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Research paper example essay prompt: Ulysses S Grant - 1324 words

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.. nd the Confederates fled into Georgia(Ulysses S. Grant 2). All Tennessee was now captured, and the power of the Confederacy was effectively broken. In the final battle of the Civil War, Grant found himself up against Robert E.

Lee. Lee was the only general left in the south who had a chance of beating Grant and the North. With troops outnumbering Lee's two to one, Grant sought out to destroy the Southern army. Grant's strategy was simply to send all his men into battle at once, never letting them rest until victory prevailed. Lee saw that Grant wouldn't back down, so he surrendered in order to save lives of the all ready bloodthirsty war(Krick 26). Grant went to Washington to disband the army.

In April 1866 congress revived for him the rank of full general, a title not used since George Washington had held it(The Civil War). The pay gave Grant financial security, and he became a familiar figure in the streets in his light buggy, driving a spirited horse. Gifts were showered on him. Galena and Philadelphia both presented houses to him. New York City gave him $100,000(Ulysses S.

Grant 1). Grant had never been interested in politics and belonged to no political party. President Johnson hoped to put through Lincoln's mild plan of "reconstructing" the seceded states(Ulysses S. Grant 1). The Radical Republicans in Congress demanded a harsh policy. Johnson hoped to have Grant's support, but Grant quarreled with him and was won over by the Radicals. While the Senate was impeaching Johnson, the Republican convention in Chicago unanimously nominated Grant for president, with Schuyler Colfax of Indiana for vice- president.

Grant received 214 electoral votes as against 80 for the Democratic candidate, Horatio Seymour(Ulysses S. Grant 1). Grant received great support from the black people in the Southern states. Grant moved into the White House with Julia and his beautiful daughter Nellie. His sons were also there from time to time, and his old father, now a postmaster in Covington, Kentucky, made brief visits.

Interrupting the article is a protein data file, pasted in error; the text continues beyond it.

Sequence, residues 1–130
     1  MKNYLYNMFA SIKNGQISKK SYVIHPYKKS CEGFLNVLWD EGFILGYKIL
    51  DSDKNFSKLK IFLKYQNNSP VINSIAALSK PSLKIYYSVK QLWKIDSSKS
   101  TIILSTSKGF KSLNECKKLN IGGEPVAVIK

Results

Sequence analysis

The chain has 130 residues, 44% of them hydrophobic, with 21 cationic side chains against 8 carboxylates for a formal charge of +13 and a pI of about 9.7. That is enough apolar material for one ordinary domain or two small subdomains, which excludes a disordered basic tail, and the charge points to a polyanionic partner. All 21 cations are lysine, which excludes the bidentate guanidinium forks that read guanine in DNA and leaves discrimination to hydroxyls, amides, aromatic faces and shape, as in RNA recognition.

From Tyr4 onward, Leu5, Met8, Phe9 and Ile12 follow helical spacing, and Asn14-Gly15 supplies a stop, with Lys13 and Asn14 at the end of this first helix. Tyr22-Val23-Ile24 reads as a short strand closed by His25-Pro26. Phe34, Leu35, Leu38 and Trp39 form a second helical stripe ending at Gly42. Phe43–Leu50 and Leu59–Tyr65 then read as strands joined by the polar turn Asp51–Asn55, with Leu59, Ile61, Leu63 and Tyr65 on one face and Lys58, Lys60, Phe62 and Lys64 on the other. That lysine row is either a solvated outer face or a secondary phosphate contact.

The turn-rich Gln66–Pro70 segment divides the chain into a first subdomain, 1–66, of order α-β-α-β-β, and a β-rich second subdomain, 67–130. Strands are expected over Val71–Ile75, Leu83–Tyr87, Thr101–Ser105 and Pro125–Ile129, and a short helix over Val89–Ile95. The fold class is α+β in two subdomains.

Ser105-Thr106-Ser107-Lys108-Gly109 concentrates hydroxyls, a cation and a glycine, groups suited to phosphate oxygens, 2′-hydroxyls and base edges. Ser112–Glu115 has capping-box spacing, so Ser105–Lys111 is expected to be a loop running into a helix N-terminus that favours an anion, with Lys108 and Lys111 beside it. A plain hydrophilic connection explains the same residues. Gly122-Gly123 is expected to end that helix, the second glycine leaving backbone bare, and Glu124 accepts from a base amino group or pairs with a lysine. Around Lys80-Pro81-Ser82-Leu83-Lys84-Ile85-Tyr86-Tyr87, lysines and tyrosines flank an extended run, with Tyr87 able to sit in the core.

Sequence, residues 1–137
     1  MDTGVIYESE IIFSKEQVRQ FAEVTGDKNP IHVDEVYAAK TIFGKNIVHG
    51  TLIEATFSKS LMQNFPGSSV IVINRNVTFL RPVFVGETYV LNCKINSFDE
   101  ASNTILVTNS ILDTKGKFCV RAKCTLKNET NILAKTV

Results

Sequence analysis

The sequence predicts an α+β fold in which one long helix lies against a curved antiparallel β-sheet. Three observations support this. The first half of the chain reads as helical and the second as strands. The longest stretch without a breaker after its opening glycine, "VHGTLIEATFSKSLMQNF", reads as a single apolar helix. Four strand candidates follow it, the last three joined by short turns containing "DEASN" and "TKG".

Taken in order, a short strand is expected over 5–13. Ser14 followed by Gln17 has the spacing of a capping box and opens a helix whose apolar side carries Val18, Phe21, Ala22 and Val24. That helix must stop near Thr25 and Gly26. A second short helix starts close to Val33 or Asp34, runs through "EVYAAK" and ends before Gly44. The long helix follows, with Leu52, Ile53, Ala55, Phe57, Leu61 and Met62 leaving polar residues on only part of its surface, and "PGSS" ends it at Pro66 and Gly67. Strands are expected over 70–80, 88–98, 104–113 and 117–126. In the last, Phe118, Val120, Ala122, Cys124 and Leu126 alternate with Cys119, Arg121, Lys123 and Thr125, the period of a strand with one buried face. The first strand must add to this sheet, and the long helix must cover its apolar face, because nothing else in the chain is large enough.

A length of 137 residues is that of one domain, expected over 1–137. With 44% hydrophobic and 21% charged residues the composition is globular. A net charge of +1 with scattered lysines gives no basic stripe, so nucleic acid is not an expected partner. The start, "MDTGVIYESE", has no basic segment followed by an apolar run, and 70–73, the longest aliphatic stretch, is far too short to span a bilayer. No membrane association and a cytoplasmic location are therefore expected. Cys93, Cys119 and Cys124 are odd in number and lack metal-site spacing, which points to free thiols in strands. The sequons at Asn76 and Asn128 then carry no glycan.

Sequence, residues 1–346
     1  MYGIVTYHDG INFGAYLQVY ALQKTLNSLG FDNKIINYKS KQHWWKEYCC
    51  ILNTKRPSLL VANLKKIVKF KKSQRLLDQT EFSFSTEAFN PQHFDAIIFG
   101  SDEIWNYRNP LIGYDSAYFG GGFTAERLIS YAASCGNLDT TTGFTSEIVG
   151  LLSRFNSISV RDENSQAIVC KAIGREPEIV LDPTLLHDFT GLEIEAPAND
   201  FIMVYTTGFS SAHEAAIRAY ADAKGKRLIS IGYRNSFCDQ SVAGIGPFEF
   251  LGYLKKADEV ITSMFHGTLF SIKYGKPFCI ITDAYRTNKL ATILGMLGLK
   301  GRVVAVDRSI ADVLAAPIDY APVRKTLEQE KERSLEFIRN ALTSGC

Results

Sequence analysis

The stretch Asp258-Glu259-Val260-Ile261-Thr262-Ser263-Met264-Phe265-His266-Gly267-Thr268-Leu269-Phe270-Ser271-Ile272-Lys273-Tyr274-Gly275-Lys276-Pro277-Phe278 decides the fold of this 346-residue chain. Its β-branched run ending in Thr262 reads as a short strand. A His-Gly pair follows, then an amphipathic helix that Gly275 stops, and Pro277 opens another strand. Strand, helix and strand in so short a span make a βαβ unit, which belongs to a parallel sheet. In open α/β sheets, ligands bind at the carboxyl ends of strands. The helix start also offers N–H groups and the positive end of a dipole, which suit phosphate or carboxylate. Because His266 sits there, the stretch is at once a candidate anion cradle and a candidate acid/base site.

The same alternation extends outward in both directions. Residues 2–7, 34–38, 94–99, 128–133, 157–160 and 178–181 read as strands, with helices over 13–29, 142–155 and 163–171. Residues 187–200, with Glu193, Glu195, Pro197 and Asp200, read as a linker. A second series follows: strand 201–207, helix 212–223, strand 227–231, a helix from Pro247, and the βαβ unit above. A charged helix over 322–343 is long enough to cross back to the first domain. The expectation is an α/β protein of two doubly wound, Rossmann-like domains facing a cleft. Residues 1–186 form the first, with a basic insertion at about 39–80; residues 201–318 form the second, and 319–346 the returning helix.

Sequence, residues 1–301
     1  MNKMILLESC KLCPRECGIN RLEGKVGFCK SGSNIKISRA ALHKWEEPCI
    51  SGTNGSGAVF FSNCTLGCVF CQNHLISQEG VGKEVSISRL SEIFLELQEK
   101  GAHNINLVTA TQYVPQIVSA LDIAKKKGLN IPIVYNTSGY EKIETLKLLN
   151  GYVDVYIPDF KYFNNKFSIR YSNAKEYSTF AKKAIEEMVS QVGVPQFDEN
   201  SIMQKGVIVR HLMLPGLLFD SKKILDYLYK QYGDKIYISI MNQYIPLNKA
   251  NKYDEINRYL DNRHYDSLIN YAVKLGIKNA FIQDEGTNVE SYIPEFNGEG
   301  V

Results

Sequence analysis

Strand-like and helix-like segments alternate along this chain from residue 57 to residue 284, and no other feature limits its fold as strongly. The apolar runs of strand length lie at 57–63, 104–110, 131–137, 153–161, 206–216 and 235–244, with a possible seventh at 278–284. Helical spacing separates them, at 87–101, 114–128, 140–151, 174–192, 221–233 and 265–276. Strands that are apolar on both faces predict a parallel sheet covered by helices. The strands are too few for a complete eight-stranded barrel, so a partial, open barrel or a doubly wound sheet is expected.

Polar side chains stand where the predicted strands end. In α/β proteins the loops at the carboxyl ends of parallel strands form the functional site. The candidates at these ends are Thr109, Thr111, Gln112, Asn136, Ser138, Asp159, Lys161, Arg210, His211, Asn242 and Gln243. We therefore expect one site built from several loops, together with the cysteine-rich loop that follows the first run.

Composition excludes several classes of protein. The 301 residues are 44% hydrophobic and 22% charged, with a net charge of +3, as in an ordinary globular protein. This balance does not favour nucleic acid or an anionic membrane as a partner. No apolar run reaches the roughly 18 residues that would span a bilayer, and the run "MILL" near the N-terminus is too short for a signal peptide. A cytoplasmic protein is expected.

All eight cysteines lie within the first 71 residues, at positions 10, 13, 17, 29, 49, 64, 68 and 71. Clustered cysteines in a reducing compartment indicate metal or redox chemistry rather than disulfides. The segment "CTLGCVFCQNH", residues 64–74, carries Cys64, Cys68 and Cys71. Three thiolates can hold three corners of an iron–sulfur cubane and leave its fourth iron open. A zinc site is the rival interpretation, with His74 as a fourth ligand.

Grant's brothers stayed with their business and were too busy to visit him(Ulysses S. Grant 2). Serious problems confronted the nation. The war had brought poverty and desolation to the South, but it brought the North prosperity. There was widespread corruption in both political and business life.

Grant's presidency contributed to corruption in politics. In 1869 two speculators, Jay Gould and James Fisk, attempted to corner gold and brought pressure on Grant to keep the United States treasury from selling it(Ulysses S. Grant 1). Foreign trade was almost stopped. On Black Friday, September. 24, 1869, the United States treasury, with Grant's approval, suddenly put 4 million dollars in gold up for sale(Ulysses S.

Grant 2). The price plunged, causing the ruin of many speculators. In 1870, the Radical Republicans hoped to gain Black votes in the South by adding the 15th Amendment to the Constitution, which states that "the right of citizens of the United States to vote shall not be denied or abridged .. on account of race, color, or previous condition of servitude"(Ulysses S. Grant). The immediate result of the amendment was an increase of terroristic acts against Blacks to prevent their voting.

Led by Carl Schurz and other reformers, a group in the Republican party set out to defeat Grant for reelection. They organized the Liberal Republican party, which called for civil service reform, an end to corruption in government, and the withdrawal of troops from the South(The Civil War). The Democratic party joined with them in supporting Horace Greeley, founder of the New York Tribune, for the presidency . The regular Republicans, renominated Grant. Grant received 286 electoral votes(Ulysses S.

Grant 2). Greeley died shortly after the election, and his 63 electoral votes were divided among other candidates(Ulysses S. Grant 1). Grant's popularity declined as evidence of serious political corruption came to light. The government had given money and land grants to the new railways in the West. In 1873 it was found that certain members of Congress had been bribed to vote in the interests of the Union Pacific Railroad(Krick 32).